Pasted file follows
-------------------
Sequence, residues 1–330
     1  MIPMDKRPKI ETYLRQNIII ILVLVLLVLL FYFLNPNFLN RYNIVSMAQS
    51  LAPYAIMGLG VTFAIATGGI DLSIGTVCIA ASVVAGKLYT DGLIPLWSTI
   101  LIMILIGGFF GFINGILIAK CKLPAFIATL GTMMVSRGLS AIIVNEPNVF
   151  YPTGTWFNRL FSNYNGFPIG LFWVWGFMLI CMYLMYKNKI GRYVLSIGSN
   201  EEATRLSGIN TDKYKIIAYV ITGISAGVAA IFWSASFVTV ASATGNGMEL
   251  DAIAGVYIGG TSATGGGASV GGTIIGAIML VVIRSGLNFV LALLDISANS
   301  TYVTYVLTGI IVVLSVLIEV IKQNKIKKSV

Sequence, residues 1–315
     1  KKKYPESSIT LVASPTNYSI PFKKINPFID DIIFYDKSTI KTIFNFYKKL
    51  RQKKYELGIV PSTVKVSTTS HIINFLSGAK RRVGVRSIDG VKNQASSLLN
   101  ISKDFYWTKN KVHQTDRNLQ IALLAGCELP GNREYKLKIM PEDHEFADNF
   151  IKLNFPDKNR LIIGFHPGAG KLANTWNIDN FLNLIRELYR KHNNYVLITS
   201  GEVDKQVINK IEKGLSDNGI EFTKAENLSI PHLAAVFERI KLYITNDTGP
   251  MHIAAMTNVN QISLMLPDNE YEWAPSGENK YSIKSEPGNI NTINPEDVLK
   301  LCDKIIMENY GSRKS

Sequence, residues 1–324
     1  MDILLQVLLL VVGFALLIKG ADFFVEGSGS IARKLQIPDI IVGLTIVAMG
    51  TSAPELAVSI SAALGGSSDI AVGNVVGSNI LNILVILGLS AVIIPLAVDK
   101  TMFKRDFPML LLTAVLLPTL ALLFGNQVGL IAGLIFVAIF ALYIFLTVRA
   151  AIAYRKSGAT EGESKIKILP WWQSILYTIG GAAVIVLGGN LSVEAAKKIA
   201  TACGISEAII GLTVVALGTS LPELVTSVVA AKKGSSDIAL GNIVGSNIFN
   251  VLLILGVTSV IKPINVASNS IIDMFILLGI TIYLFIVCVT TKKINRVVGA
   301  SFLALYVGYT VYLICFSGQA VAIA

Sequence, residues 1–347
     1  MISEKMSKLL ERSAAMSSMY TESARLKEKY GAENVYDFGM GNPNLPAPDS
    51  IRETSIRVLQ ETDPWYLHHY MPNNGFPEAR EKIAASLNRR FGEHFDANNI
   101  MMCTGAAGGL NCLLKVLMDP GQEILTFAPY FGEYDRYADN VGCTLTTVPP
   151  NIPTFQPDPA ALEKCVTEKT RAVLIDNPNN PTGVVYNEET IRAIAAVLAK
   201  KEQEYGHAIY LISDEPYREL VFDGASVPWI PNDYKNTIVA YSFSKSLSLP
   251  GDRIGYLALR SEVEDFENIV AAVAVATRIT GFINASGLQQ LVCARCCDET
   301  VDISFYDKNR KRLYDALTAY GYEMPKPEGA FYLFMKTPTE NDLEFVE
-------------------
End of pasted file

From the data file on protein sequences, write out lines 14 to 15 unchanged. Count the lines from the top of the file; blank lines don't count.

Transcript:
   201  GEVDKQVINK IEKGLSDNGI EFTKAENLSI PHLAAVFERI KLYITNDTGP
   251  MHIAAMTNVN QISLMLPDNE YEWAPSGENK YSIKSEPGNI NTINPEDVLK